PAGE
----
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Sixers Mailbag Season 2 Vol. 17 - Attempting To Evaluate Brett Brown

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Bill Streicher-USA TODAY Sports

In this week's mailbag, I answer questions on Brett Brown's coaching and if I thought the rebuild would take this long, s if Jamal Murray or Jaylen Brown would be a better fit with the Lakers pick, and much more. You can catch up on previous installments here.

@Walk_With_Lyle: Do you think Brett Brown is a good coach? Is it justified to say he seems like a bad coach?

I don't think it's remotely close to say he's a bad coach, but it may be fair to start raising a couple of questions as we move past the rebuild next year. The talent level on this roster is just absolutely pitiful, but after two-plus years of keeping the team's roster mostly intact, I'd at least expect them to look like more of a cohesive unit. I haven't really seen that, especially this season. My biggest issue with Brown and the coaching staff right now is that I struggle to see anything in place that makes me feel like the transition into becoming a legitimate basketball team will be smooth.

There's essentially no offensive system in place. They get out and run on occasion when they can, but they have by far the blandest, most simple offense in the league. Outside of when Okafor creates for himself, if the Sixers can't get an open look off a dribble hand off or the pick and roll, then they don't score. At this point in the rebuild, I assumed they would run some more intricate half court sets. That should change over the next year as they add more talent, but that doesn't help core players like Nerlens Noel and Jahlil Okafor prepare for the future. The team is still experimenting with Noel's identity on offense, and Okafor continues to play very isolation minded basketball. Neither one can continue to play like that going forward, and the fact that the team hasn't taken steps to correct it is disappointing. They're going to be on the same exact learning curve as the 2016 draft class and Dario Saric will be, and that helps nobody.

Defensively, the team is an absolute disaster. There are a lot of mismatching pieces that are making things more difficult, but they continue to make remarkably simple mistakes that should not happen at this point. I can't tell if that's because the players are just so bad they can't pick up on simple things or if they're just not being coached well enough, but last season they did show they had the potential to be a quality defensive team. It's very hard to pinpoint the exact problems, but it doesn't make me all that optimistic they'll be able to quickly turn things around.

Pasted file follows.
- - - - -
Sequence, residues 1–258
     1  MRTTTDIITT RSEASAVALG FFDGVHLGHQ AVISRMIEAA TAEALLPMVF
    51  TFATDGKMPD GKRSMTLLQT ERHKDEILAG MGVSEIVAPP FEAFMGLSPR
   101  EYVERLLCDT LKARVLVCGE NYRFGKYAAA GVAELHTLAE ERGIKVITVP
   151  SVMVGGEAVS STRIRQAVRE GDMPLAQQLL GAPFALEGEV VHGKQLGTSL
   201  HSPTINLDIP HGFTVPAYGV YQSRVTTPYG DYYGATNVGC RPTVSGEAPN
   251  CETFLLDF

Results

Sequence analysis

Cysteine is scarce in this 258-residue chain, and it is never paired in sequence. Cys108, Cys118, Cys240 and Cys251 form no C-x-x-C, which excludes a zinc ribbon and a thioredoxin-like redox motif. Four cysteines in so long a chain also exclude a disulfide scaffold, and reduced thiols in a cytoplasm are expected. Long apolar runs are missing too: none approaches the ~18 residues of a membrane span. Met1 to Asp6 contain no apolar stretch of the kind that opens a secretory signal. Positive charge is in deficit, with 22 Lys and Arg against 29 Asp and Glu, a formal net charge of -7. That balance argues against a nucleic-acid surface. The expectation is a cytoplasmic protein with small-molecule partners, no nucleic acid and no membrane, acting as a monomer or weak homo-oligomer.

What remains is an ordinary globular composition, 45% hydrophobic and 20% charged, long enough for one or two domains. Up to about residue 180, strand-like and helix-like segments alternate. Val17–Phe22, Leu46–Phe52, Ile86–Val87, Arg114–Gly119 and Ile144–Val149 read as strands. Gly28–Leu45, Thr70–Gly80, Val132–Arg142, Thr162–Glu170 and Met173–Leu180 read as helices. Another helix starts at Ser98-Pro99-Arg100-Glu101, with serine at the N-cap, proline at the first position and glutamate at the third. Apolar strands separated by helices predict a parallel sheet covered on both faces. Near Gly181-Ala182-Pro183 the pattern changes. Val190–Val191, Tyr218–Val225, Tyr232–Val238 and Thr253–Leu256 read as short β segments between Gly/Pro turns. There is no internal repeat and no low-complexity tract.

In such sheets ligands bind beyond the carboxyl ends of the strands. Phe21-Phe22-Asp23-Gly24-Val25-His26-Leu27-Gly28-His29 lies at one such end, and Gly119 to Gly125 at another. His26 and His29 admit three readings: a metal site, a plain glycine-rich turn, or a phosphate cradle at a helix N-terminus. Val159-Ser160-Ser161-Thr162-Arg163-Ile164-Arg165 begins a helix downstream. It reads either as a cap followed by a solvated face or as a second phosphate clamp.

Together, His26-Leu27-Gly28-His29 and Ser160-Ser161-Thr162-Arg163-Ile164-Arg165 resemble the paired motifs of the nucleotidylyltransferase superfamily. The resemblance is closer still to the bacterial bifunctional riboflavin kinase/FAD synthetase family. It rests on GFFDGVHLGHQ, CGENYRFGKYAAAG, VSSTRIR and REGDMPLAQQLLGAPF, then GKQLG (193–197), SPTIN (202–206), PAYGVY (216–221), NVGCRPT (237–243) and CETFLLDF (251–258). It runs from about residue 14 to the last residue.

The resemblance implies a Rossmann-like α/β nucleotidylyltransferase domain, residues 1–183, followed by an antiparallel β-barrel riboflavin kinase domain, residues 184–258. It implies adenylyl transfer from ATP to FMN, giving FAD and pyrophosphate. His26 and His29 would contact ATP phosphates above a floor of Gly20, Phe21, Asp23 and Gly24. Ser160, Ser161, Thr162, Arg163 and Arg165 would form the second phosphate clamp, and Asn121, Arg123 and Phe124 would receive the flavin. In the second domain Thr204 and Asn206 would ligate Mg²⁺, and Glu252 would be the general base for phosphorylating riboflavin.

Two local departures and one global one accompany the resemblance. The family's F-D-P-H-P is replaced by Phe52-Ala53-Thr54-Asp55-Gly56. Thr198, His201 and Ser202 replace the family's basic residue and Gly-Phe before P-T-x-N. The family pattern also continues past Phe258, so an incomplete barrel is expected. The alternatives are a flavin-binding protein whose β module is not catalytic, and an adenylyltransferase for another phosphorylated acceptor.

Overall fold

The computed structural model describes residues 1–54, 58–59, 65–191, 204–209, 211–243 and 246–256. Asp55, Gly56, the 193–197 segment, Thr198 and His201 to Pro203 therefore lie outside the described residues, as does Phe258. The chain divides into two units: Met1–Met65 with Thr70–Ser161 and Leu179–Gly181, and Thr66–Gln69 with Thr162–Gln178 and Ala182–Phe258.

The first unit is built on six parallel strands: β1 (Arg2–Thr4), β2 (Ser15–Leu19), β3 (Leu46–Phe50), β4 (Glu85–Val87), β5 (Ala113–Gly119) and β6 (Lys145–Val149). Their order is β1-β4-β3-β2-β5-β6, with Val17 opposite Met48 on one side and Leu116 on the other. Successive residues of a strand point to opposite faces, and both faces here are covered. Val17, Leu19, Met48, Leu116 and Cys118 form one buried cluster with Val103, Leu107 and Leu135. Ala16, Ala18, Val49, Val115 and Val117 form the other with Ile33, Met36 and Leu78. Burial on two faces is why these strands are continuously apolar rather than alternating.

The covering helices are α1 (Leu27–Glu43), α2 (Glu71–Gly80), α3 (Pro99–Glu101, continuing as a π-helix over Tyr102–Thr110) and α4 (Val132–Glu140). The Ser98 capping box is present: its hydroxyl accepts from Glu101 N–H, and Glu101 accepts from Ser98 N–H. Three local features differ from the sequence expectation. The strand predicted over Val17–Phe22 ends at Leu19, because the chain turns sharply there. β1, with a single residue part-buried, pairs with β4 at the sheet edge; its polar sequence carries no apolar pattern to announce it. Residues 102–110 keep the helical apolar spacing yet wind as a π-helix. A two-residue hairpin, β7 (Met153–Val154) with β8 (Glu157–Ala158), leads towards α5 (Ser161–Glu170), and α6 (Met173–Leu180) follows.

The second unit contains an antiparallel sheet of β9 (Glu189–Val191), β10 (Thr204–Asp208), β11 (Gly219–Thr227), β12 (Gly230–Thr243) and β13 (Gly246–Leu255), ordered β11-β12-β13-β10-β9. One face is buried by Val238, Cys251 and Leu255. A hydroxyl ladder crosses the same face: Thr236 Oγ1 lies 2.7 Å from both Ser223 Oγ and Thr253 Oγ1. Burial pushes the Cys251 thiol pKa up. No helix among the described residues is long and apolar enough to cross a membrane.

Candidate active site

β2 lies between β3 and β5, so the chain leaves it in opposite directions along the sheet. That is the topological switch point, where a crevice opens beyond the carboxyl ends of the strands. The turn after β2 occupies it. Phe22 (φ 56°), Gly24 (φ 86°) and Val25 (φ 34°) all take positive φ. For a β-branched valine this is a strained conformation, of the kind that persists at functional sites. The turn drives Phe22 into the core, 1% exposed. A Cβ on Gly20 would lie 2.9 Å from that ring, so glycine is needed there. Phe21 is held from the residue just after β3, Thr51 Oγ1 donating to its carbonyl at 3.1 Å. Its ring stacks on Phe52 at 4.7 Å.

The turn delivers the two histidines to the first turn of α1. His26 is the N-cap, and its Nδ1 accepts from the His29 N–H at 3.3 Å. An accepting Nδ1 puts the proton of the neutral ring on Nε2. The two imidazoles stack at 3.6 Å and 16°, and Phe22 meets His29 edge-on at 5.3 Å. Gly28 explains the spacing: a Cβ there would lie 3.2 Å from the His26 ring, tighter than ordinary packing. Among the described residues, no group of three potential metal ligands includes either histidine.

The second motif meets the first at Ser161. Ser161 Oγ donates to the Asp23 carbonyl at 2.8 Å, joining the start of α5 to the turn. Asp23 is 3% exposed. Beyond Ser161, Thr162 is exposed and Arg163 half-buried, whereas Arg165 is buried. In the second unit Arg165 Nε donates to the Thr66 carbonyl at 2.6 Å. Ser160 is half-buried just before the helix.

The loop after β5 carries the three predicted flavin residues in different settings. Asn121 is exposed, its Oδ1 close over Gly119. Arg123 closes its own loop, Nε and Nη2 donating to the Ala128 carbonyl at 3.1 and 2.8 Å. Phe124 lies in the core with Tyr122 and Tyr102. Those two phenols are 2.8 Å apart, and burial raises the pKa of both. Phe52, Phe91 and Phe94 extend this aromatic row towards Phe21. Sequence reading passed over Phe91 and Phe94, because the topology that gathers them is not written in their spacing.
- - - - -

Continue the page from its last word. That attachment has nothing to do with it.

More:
To bring this back to Brown, we'll all have a clearer idea of his real strengths and weaknesses as a coach next year. But his inability to instill any real offensive system along with the downturn of their defense is extremely troubling, and it won't help guys like Noel and Okafor become better players.

@_spmcdonald: Did you think the rebuild would take this long to show any signs of success?

Definitely not, and the Sixers would be more than willing to say the same thing. Half of the reason things have taken so long to get off the ground is luck. The other half is strategy. Obviously, the last two draft lotteries have not been the kindest to them, which is where the luck comes into play. If the Sixers get a top two pick in 2014, they end up with Andrew Wiggins or Jabari Parker instead of Joel Embiid. Embiid could still turn out to be a really good player, but the past two years of injuries have put the longevity of his career in doubt, and Wiggins and Parker are having fine careers this far. Last year, a top two pick gets them Karl-Anthony Towns (who is far and away a better fit/player than Okafor), or D'Angelo Russell. Instead, they have Jahlil Okafor, and his presence on the team leaves a lot more questions than answers. Not to make anyone feel worse than they already do, but the Sixers very easily could be the Minnesota Timberwolves with a little better luck, and their outlook is a whole lot brighter than Philadelphia's.

The Sixers drafting strategy of best player available has also slowed things down. Seeing as how the Sixers already had Nerlens Noel, they very easily could've chosen to address other areas of need in the 2014 NBA Draft, but guys like Dante Exum or Aaron Gordon had a much lower ceiling than Embiid did. Last year's draft seemed like they may have deviated from the BPA strategy. Taking Jahlil Okafor over Kristaps Porzingis provided them a safer option rather than a player with a higher ceiling. That has certainly complicated things, and slowed down the rebuild's timeline.